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‘Feel Good’ on Netflix: A story of happily (n)ever after

Poulomi Das | Updated on April 16, 2020 Published on April 16, 2020

Love isn’t enough: ‘Feel Good’ brings to the fore the injuries that one’s insecurities can inflict on their loved ones   -  IMAGE COURTESY: NETFLIX

‘Feel Good’, a British show now streaming on Netflix, takes rosy endings out of romance

In Netflix’s Feel Good, a sublime six-episode British series, the elusive happily-ever-after comes within five minutes of the opening episode.

Mae (Mae Martin playing a fictionalised version of herself), a struggling Canadian comedian based in London, makes out with George (Charlotte Ritchie), an English teacher, after the latter shows up at one of her shows for the third time. George is clearly persistent in her interest and Mae, as restless as a rabbit on a mission, is only too happy to give in. Minutes later, a cloyingly adorable love-montage bears witness as their passionate one-night stand turns into cheerful cohabitation. Before you know it, the shiny short-haired Mae, dressed in tattoos and an androgynous wardrobe, has moved in with George, the impeccably dressed pin-up brunette who never has a hair out of place.

Watching from a distance, it wouldn’t be entirely inaccurate to assume that George and Mae have made it, having turned their proclamation of love into a display of commitment. In fact, if this were a romantic comedy, their love story would have a “The End” plastered next to it. After all, Hollywood has perpetually treated the happily-ever-after as the romantic touchstone, almost as if two people being together magically erases the complexities of two people staying together.

But the semi-autobiographical Feel Good — co-created, written and produced by Martin — treats the “happily-ever-after” not as a destination but merely a pit stop that comes at the very beginning, straying from a convention that has routinely made falling in love look like a hard-won miracle. The emphasis has always been on the selflessness of lovers that makes their love play out forever. Over six impeccably written episodes of 25 minutes each, Feel Good takes the embellishment out of romance, keenly observing a couple as the reality of their selfishness takes the happy out of ever after.

In the show, even when George and Mae are in the throes of passionate sex, there’s a niggling sense of their relationship teetering on the brink of a breakdown. In one scene, Mae compares herself to Bart Simpson and calls George a “dangerous Mary Poppins”, underlining the oddity of their coupling. The problem isn’t just the celerity with which their romance evolves (they go from strangers to practically being roommates who spend most of their waking time with each other in less than three months). But it’s also the part of themselves that both of them choose to keep out of reach from the other.

Mae conveniently forgets to mention that she is a recovering addict, armed with a decade-long history of substance abuse that upended her relationship with her parents (Lisa Kudrow plays her mother in a winsome cameo) and even sent her to jail. The previously straight George, on the other hand, keeps Mae a secret, using the fact that she has never dated women before as an excuse to not introduce her girlfriend to family and friends. The collective baggage soon piles on. When George goes for a family wedding, leaving Mae alone for 36 hours, we find out that even in recovery, Mae remains an addict. She ends up so anxious that she blows up George’s phone with countless messages and breathless calls, forcing an exasperated George to impose a technological restraining order on Mae until she gets back.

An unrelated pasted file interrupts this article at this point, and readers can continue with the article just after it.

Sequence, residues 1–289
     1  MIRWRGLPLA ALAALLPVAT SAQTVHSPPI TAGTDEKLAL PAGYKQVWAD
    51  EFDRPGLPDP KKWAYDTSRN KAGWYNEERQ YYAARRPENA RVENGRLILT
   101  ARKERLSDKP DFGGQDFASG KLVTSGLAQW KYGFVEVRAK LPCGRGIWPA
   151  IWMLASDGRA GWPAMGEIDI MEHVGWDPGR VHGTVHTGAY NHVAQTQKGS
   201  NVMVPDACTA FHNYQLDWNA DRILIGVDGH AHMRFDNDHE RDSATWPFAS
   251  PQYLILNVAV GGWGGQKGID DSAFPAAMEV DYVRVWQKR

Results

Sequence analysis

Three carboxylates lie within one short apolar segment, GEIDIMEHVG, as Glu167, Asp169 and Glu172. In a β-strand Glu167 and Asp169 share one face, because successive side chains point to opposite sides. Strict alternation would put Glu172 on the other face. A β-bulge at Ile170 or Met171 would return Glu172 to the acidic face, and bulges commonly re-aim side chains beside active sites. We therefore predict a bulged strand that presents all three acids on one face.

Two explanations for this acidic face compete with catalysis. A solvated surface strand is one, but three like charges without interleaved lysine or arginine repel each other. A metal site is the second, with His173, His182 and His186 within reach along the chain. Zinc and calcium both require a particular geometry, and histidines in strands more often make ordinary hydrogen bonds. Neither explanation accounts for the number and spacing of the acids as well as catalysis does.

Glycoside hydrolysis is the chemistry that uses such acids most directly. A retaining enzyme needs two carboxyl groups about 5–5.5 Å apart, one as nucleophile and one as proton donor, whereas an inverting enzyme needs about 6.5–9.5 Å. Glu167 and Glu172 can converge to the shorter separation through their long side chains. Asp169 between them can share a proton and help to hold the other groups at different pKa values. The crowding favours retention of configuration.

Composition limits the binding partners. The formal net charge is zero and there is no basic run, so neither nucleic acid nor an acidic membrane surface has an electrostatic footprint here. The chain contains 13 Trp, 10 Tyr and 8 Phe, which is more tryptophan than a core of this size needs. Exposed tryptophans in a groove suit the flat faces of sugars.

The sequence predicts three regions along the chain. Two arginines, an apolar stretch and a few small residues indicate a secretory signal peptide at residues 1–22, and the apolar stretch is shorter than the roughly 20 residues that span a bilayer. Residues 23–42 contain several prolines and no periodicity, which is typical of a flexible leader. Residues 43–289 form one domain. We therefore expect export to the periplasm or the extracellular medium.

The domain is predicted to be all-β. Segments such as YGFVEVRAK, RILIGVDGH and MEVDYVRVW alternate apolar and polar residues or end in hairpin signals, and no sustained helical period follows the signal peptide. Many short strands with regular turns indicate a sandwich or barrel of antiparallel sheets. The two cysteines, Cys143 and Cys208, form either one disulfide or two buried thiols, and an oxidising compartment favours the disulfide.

Mae’s neediness signals an inescapable hold of drug addiction over her life that she is reluctant to acknowledge, one that undeniably puts a question over the legitimacy of the romance: Both the viewer and George are left wondering if Mae is really in love or if she just counts it as temporary addiction. George’s continuing denial about what publicly declaring her relationship with Mae to the world might signify — about her sexuality, for starters — doesn’t make things any better. If anything, it creates an almost toxic power equation where George, by virtue of withholding validation, has the upper hand. Even here, the viewer and Mae are forced to a similar spot: Does George really love Mae or is this a phase that she will laugh about years later?

Feel Good, as flawless in its emotional vulnerability as Phoebe Waller-Bridge’s Fleabag, focuses on this precise part — the injury that one’s insecurities can inflict on their loved ones. Both Mae and George have to shrink themselves to get on each other’s level, somehow not trusting the other enough to go all in. And yet, despite their mutual refusal to let the other in, they somehow delude themselves into believing that they’re each other’s balm. Effectively, Feel Good is as much about loving someone deeply as it is about not being able to love someone well. Happily-ever-afters don’t account for this distinction: That even when love feels like a lifeboat guiding you to safety, it still cannot save you from drowning .

Poulomi Das is a film critic with Arré, an entertainment content platform. She writes at the intersection of films, gender and social commentary

Published on April 16, 2020

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